Last night, on the border of Umbria and Tuscany

I made almost what I thought I would, but not exactly, so I will write it again. it was good, so it is not a bad thing to sing the same lyrics. penne with pancetta, fresh peas and caranna onions, finished with cooking water from the pasta, grana padano, and mounted butter. I made a second, of hand rolled fettuccine with wild and domestic mushrooms, slivered garlic and parsley. Because, why not have two pastas on the first night. Then slivered zucchini, the very pale, slender ones with even paler ridges, sautéed with basil leaves, garlic, lemon peel and peperoncino. Slivers of prosciutto over that. String beans braised with cherry tomatoes and garlic. Braised asparagus with olive oil, salt and pepper and shavings of Umbrian pecorino. A plate of cantaloupe (also good with prosciutto, but I just wanted it as it was.) greens with shallot, fresh mint and basil leaves. Cannellini simmered with just enough water, olive oil, cloves of garlic and peperoncino, finished with lemon. Fresh fave, raw with a wedge of pecorino. And for dessert, cantucci with a side car of vin santo.

I might have to make tiramisu tonight, to use up the rest of the bottle. 

In the quiet

  • It is quiet now; the wind has died down like embers do. It sounds like it does in the wake of a storm that has passed. Everything has been left where it lies. I am still cooking. 
  • I found peas in their pods. I will make pasta with peas and pancetta and a special yellow onion, I don’t know the name of. Then prosciutto sliced thin, but not too thin, dropped over zucchini trifolati. Cannellini simmered with a whole peperoncino, a bay leaf, cloves of garlic and plenty of olive oil, and string beans simmered with grape tomatoes (i dateri), garlic and fresh basil. And for dessert, cantucci, dunked in vin santo. I rubbed the inside of a vanilla bean into the sugar and added a spill of white wine to the batter, to make the crunch more delicate.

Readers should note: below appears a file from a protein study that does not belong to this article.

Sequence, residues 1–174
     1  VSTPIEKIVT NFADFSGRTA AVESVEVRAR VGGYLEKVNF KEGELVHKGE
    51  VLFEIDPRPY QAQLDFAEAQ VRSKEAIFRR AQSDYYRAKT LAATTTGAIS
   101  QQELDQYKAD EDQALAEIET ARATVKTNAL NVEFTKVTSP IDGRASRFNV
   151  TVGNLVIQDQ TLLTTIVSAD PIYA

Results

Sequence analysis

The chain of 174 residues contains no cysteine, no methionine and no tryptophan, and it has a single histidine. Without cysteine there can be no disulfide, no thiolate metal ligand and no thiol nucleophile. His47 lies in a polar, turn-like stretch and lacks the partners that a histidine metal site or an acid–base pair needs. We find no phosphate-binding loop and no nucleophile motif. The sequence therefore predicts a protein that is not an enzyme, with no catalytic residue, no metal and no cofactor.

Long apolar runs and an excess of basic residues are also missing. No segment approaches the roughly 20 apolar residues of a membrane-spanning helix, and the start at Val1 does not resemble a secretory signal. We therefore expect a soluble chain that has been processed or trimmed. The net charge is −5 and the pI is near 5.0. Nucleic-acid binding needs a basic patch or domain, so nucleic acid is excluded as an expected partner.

There is communal wine from Cortona, which just means everybody threw their grapes in together, and let be whatever came of it. I buy it pumped from the tank and use it for everything.
  • there are so many babies around my kitchen. three kittens that a mother cat brought yesterday, from some other hiding place, two puppies, and two tiny sparrows that just took their first flight from the nest and don’t look like they were given any other instructions. I will let them be. Every half hour I go back to where they are hopping, and tell them that I love them.

comfort

The grave has begun to sink

from the weight of the air above it. and the rain 

I suppose.

and my body lying on top of him

I know for sure.

I stay for hours

soaking up the warmth.

He holds me 

still 

I cook from the minute I get up, until the minute I sleep. roasting, braising, baking, stirring, chopping, and shopping so that I can start again.

with my whole heart

Love is not love

Which alters when it alteration finds,

Or bends with the remover to remove:

O no; it is an ever-fixed mark,

That looks on tempest, and is never shaken;

It is the start to every wandering bark,

Whose worth’s unknown, although his 

height be taken.

Love’s not Time’s fool, though rosy lips

and cheeks

Within his bending sickle’s compass come;

Love alters not with his brief hours and

Weeks,

But bears it out even to the edge of doom.

If this be error, and upon me prov’d,

I never writ, nor no man ever loved.

-Shakespeare